What to do when bringing my puppy home is the question to be asked – and below are some suggestions that have been working best in our experience.
Forming a relationship with your puppy is the number one thing to do!
A puppy is like a baby that does not know anything, which is a huge advantage to do the right things from the start.
Usually people don’t realize that they say “no” to the puppy much more than “yes”.
Just imagine you meet somebody for the first time, and all he does is telling you what NOT to do, because you are trying so many things that are new to you.
Not only do you depress creativity, but how would YOU feel about that person?
Would you like him? Would you do things for him?
The answer is very clear!
But that is exactly how people that are new to owning a puppy interact with him!
If you could find a way to communicate to your puppy which activities actually are rewarding, he will definitely do more of those- thus, he will already have less time to spend doing the activities that YOU do not prefer.
Instead of saying “no” to unwanted behaviors, you should ignore them completely.
Of course there are behaviors that are not going to sease, because they are so much fun within themselves.
Chewing shoes, scratching the carpet, ripping into wires, etc
Instead of saying “no” , we suggest to MANAGE those situations by:
Don’t give the opportunity to chew wires (close the door to the room wires are hanging down to the ground)
Put your shoes in the closet or up high.
Put food out of reach.
Don’t have the kids run around and attract the puppy to chase and nip at them.
Get a chain leash and make chewing on the leash undesirable on its own.
Feeding your Puppy
While in our care, your puppy has been eating Eukanuba Puppy Food Large Breed. If you are planning on changing brand, it should be done gradually. Provide a mix of the two, the new brand slightly increasing every meal. Switching brands abruptly, will definitely upset the digestive system!
Puppies should be eating two to three times per day.
Free feeding is NOT recommended.
Your puppy should be on a puppy food until the age of around nine months. The amount of food varies, as every dog has different speed metabolism. The amount suggested on the bag of the food can only be a suggestion. Your puppy’s food amount should start out with a total of two cups total per day. Since he has been fed together with his littler mates so far, it is difficult to estimate a specific amount of food. Now, is he eating all of that you give him? Is he leaving some? Adjust accordingly. If he leaves some feed him a little less. If he eats all of that you give him, you might increase the amount very slightly. Dogs are always hungry. As you adjust food amounts, watch his physical appearance. A puppy should not be in heavy weight. It is hard on his joints and ligaments and can cause in proper development especially on hip and elbow joints while they are growing.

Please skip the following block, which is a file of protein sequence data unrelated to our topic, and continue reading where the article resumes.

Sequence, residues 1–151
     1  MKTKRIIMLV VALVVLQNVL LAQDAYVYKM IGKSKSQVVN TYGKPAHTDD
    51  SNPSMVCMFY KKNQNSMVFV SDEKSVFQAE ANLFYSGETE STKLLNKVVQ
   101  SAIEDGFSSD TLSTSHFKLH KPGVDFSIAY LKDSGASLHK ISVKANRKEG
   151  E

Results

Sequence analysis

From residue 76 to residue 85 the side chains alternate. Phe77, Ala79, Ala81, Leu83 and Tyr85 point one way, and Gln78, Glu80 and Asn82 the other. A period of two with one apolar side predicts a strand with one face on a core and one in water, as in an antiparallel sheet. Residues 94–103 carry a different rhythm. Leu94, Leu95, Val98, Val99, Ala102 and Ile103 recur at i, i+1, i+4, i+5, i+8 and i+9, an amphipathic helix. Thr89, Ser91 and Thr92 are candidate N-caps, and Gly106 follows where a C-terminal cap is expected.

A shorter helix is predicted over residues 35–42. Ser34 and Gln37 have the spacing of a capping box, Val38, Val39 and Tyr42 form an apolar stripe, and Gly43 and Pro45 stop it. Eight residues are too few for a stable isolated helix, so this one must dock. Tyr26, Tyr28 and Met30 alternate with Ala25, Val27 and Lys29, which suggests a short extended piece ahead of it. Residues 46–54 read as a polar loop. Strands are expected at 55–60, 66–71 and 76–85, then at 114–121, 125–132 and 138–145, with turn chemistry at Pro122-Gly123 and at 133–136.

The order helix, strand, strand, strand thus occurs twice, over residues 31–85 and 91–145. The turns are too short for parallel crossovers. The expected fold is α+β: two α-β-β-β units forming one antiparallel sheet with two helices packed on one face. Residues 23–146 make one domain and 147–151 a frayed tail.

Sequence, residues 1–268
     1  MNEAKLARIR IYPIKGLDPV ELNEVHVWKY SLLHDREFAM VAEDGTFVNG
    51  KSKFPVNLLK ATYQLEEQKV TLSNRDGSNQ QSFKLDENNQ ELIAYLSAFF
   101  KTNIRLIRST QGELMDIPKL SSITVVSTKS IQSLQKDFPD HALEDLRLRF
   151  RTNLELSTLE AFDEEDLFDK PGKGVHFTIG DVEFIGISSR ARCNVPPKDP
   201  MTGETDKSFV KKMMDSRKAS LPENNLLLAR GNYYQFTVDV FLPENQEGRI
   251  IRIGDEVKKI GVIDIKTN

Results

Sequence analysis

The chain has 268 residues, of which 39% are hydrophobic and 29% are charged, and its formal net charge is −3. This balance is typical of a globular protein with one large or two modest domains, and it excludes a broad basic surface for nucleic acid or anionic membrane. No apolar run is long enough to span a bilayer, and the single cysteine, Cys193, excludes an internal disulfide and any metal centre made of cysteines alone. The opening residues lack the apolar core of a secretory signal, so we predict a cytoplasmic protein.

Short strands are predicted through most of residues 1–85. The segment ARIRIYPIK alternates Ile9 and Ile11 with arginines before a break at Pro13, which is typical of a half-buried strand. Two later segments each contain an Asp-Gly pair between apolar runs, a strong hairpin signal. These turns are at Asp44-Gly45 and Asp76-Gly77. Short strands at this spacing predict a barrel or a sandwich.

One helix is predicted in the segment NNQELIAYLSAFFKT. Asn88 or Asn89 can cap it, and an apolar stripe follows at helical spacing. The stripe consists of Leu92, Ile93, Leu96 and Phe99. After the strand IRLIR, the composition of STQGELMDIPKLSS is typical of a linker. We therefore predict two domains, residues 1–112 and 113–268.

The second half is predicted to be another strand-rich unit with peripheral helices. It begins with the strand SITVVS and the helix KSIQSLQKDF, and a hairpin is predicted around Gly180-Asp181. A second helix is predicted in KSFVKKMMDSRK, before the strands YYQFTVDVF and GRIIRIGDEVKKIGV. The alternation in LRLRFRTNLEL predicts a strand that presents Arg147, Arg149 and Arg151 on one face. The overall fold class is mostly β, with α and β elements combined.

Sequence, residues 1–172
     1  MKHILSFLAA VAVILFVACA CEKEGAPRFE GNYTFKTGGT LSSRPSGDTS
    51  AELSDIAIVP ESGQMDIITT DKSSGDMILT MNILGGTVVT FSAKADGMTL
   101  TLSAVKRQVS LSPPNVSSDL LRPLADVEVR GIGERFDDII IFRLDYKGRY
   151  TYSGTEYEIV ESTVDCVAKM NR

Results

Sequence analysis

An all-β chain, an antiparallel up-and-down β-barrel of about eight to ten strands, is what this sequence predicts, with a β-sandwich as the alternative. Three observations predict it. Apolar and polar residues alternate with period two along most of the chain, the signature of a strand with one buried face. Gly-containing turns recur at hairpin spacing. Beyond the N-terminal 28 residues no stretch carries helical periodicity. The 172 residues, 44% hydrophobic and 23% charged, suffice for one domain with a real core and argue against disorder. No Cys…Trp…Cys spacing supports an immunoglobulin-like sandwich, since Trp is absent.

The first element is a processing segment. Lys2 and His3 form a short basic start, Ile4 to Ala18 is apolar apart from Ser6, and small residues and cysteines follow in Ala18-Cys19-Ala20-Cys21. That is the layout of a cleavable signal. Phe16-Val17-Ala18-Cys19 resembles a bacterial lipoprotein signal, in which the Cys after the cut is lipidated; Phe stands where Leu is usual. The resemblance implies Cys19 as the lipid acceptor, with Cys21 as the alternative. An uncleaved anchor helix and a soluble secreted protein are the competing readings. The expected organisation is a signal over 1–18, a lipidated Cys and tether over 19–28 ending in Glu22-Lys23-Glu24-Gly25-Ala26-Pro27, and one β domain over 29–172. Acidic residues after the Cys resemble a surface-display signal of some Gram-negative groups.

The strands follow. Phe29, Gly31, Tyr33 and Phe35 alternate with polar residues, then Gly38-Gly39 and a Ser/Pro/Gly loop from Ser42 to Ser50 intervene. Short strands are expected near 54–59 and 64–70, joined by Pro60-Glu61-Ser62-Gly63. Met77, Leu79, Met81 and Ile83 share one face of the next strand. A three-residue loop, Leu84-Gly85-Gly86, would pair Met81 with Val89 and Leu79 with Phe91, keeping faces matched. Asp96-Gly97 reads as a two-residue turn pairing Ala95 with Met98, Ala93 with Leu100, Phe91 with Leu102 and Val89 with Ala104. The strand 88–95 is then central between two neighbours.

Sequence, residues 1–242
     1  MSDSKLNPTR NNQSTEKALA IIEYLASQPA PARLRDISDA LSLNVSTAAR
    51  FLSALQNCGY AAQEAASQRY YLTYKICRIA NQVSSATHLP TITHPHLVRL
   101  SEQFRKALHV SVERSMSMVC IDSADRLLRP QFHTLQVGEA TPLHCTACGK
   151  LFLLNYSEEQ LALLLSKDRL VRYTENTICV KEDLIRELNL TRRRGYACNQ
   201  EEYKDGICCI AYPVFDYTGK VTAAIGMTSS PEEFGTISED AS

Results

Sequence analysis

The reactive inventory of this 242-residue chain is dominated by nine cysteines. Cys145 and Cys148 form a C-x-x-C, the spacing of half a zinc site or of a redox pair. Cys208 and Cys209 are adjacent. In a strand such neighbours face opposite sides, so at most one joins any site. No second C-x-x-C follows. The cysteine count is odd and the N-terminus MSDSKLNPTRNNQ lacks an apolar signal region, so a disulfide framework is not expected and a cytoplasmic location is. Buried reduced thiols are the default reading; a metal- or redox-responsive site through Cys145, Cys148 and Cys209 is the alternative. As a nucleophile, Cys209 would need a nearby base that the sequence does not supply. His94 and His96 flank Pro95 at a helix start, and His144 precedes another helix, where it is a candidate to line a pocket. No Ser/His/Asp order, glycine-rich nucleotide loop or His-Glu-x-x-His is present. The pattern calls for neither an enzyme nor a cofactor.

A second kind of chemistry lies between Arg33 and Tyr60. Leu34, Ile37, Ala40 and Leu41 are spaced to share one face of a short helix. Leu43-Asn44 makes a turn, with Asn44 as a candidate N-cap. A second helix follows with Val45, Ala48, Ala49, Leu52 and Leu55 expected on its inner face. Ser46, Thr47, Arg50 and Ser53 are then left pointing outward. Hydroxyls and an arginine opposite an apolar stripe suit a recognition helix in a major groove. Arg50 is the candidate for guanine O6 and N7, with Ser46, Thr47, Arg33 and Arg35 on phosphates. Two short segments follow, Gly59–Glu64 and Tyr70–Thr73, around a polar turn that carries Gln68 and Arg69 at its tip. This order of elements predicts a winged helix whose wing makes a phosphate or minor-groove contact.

On the other hand, he should not be skinny either. If a dog is too lightweight and is effected by a stomach bug that depresses his appetite, he should have some reserves in his body he can rely on.
It is highly recommended to supplement with NuJointPlus and NuVetPlus. Order code: 29060
Watering your Puppy
A dog of any breed and age should have access to water at all times if possible. Massive water intact cause by deprivation can cause problems such as vomiting or bloat!
Providing water outside of the house is a challenge as it bears some risks of contamination the water with Giardia. Especially in Arizona, birds drink from the fountain in the yard, the horse troff…and the doggy dish. Chances are that the birds will eliminate themselves into the water, and then the dog drinks it!
To avoid the risk, we do recommend to find a shady location of a faucet and attache a lixit to it.
Puppy Potty Training
Potty training is easy if you follow certain rules.
Just as us humans, dogs have a schedule to be followed.
He should be given the opportunity to go potty:
1) When he wakes up
2) Shortly after eating
3) When he had been crated for some time and is getting restless
4) Before he is going to be crated for a while
A major rule is:
Do Not leave your puppy roaming around the house unobserved, especially the first day! Leash him. So you can take action once you recognize first signs of him/ her preparing to go potty. You should lead him outside immediately. If you have an area of preference you would like him/her to relief at, take him to that area and wait.
The first potty experience will set the train on the track.
We have had numerous dogs that came to us for training, going through the process.
Walking down the street as signs of needing to go potty were recognized. Once he went potty in a certain area, all we needed to do was taking him back to the same area, and he would relief.
Some dog owners prepare a certain area in their yard that they wish their dog to go to. They mark off a corner by putting different surface out, such as sand or gravel. The rest of the yard might be turf or grass that they don’t wish the dog to go potty on.
Think about this process….what would happen if his first relief is happening on the rug inside the house??????
Exactly, it will identify the rug as the spot to go to, once he went on that spot.